Sunday, May 05, 2013
William and Kate are machines in the tourism and trinket-peddling racket. The Middletons, with their party favor business, knew how to monetize the costumery of the Windsors, so they're Wal-Mart-izing the monarchy. It would be tempting to say that they're turning the MOnarchy into a Disneyfied simulacrum, but Walt Disney World is an infinitely smoother operation. At least the cast members KNOW they're cast members. (oh that reminds me of the earlier fairy tale that took place a few years ago -- Beauty and the Beast ... the Beast being Camilla...)
.... comment on The Daily Mail's article, "The Making of a Middle-Class Monarchy" published on April 3, 2013.
I’m amazed by the monarchy haters. The majority of people who posted comments were Americans (or appeared to be). Their comments reinforce Frances Trollope’s impressions of Americans published in her 1832 The Domestic Manners of the Americans based on her travels up the Mississippi, up the Ohio, up the Erie Canal, and the Hudson, and to many of the major cities. I never quite understood how she afforded such an expensive trip. The book does not provide much insight into how they earned money, or even who formed a part of the traveling party, except it is clear that there were at least two children, and a Mr. Trollope visited (but was never mentioned after his initial arrival).
Frances Trollope retreated back to England where she assembled her book from notes, and the published it to great success. I possess a 5th edition published just a few years later in 1839, and I can fully understand how and why the Americans took offense. The pen and ink drawings are highly satirical, but the text, while humorous, is not satirical. It paints a farcical, absurdist view of early American life, and it’s highly entertaining to an American reading in 2013 who is well acquainted with American mores and attitudes, and finds it interesting to see how many seem to be utterly intact from the 1830s.
The most pronounced difference, however, from the 1830s America and 21st century America is that may not hear so often the phrases that Mrs. Trollope heard repeated endlessly (at least that’s how she perceived it): “We have the best political system in the world!” and “I’m just a good as you are, so I’m not going to put up with your attitude!” and “We showed your old King George a thing or two!” Further, I think it’s unlikely that one would hear spontaneous choruses of “Yankee Doodle” in bars and sports gatherings. However, it’s probably worthwhile to see that the American core belief in the essential equality and dignity of all individuals still holds true, thus the concern of universal access to affordable high-quality education, which is essentially both the rainwater and the nutrient source to permit optimal blossoming.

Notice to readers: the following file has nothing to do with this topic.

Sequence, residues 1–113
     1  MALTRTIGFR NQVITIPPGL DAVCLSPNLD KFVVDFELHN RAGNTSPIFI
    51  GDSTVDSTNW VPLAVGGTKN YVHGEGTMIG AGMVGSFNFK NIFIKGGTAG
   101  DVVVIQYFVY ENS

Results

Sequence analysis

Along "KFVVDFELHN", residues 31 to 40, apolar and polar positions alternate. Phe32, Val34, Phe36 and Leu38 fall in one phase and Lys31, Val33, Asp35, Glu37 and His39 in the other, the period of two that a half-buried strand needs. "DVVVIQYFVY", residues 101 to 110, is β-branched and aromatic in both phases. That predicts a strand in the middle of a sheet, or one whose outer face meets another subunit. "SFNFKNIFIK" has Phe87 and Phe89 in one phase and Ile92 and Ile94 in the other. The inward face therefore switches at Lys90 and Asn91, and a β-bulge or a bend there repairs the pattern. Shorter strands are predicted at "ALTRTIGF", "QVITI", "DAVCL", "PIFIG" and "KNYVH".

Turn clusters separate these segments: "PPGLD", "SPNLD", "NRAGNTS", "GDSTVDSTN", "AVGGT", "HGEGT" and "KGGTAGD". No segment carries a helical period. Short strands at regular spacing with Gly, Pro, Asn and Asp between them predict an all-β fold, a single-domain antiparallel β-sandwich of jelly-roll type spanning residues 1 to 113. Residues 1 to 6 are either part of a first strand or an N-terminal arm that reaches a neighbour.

It strikes me that the monarchy haters (both American and British) would be intrigued by Elizabeth Cleghorne Gaskell’s My Lady Ludlow, a novella that was originally published in Household Words in a serialized format in 1858. The work contains many stories within a story that all serve to shed light on the difficult political, economic, ideological, and sociological changes that occurred during the time of 18th-century revolutions (America, France, South America), when the aristocratic ranks literally had to fear for their heads. The book made me gain an appreciation for the sense of duty and responsibility of a woman who found herself with a title and the need to take care of those who depended upon her.
Lady Ludlow’s regime was not far from feudalism, and what Gaskell’s book showed me is that it was possible for an individual to have a great sense of responsibility, and to manage estates with dignity, fairness, and forthrightness, even through great financial and emotional sacrifices. It also demonstrated how some members of the aristocracy were willing and able to alter their views over time, and to accept religious diversity, literacy training for children, and education for girls.